L.A. Times’ Beijing Chief ‘Deeply Sorry’ After Being Accused of Pressuring Woman For Sex

Amid a rising #MeToo movement in China, Los Angeles Times Beijing Bureau Chief Jonathan Kaiman came under fire after a woman accused him Thursday of pressuring her into having sex.

In a Medium post on Jan. 11, Laura Tucker — a former friend and roommate in Beijing — described how Kaiman made her feel “very pressured and very awkward” one night in March 2013.

After spending time at a nightclub with a group of friends, things got steamy between the two. According to her, they “began making out and undressing,” until she decided to stop after “a few minutes.”

Photo: Screenshot via YouTube / Climate Desk

Tucker shared:

“I got up off the bed and told him that I wanted to stop. He lay on the bed, not moving, watching me. I remember that he sort of smiled and seemed to pout, and I felt that he did not believe me. This was a new dynamic for me.

“I remember that I made a point of clearly saying ‘no’ and ‘I don’t want to do this.’ Although I can’t remember what else I said, I clearly remember feeling confused and dismayed that he wasn’t leaving, or even moving, and that he didn’t seem to believe that I knew what I wanted.

“The back and forth continued for several minutes, and he began to whine. I remember that he made me feel very pressured and very awkward, like it was too late to back out.”

Photo via LinkedIn / Laura Tucker

Tucker eventually went back to the bed.

“We had sex, and I felt gross for all of it. He left immediately after.”

The next day, she sent him an email that communicated her feelings about what happened:

“I woke up this morning feeling really stupid and unhappy. Hard to say, I guess, how drunk we were but I stood up and said ‘no’ and ‘I don’t want to’ several times while you lay sprawled on my bed using, I think, the familiarity and comfort of our friendship as grounds for entitlement and pressure. I resigned myself to the logic of just going ahead with a situation that I helped create. I am really sad that I didn’t stand up for myself and think it is too bad that you had no intention of reacting to my words. It just feels really lame.”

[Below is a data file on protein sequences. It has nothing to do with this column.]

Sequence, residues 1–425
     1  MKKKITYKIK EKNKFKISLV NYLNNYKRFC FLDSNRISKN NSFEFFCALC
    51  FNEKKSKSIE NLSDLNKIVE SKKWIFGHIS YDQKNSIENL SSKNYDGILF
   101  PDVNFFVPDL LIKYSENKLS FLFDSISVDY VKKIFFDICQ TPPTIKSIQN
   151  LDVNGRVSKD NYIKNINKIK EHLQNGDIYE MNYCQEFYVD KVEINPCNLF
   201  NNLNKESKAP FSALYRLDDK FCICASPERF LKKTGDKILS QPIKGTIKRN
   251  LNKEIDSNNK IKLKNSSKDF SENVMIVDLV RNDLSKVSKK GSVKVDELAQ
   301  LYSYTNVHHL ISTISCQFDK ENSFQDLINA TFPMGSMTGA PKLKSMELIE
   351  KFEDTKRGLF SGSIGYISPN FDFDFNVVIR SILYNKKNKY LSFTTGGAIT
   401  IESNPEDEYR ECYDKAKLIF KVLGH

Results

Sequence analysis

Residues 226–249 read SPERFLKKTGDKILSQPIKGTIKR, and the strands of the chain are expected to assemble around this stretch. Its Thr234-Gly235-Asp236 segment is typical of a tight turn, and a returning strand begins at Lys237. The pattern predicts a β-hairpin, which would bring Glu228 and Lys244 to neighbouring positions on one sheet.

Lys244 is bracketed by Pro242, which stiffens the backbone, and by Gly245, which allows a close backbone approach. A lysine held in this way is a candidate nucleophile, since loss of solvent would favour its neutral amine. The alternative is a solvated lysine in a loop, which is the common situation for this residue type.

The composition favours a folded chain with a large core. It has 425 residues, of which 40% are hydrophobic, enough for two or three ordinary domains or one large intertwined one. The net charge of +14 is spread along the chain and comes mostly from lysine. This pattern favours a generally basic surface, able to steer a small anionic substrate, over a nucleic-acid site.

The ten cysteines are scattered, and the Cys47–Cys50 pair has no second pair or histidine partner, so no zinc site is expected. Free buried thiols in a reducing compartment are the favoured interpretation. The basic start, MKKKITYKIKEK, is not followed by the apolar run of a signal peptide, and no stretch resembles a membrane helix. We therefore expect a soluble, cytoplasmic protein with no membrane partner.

Photo via Twitter / Jonathan Kaiman

Tucker said that Kaiman soon called her to apologize. They met over coffee and cake, but it turned out that the incident was far from closure:

“I was surprised when he instead started to renege on his apology and the conversation turned into a debate about how much I shared the blame. At the time I wasn’t sure if I did, but I again tried to express that he hadn’t listened to me and that he should have responded to my words. My arguments weren’t sticking and he pushed back about whether I had been misleading.

“I very clearly remember near the end of our conversation he said, ‘I don’t think this makes me a monster.’ But I had never accused him of being a monster, and suddenly the whole discussion felt pointless.”

A few Twitter users commented:

Just hours after Tucker’s post, Kaiman, who also happens to be the president of the Foreign Correspondents’ Club in Beijing, responded in apology on Twitter:

“I am so, so deeply sorry — I did not in any way mean to pressure you into an unwanted or uncomfortable sexual encounter, and I thought we had talked through the issue as peers and friends.

“However, I very clearly didn’t understand the extent of your feelings. I’m sorry I caused you pain, as that was never my intention.

“It would be wrong for me to think I could offer any remedy or solution here, but if you’d like to talk — either directly or through an intermediary — or anything else, please let me know.”

The apology drew mixed reactions:

What do you think of Tucker’s story and Kaiman’s apology?

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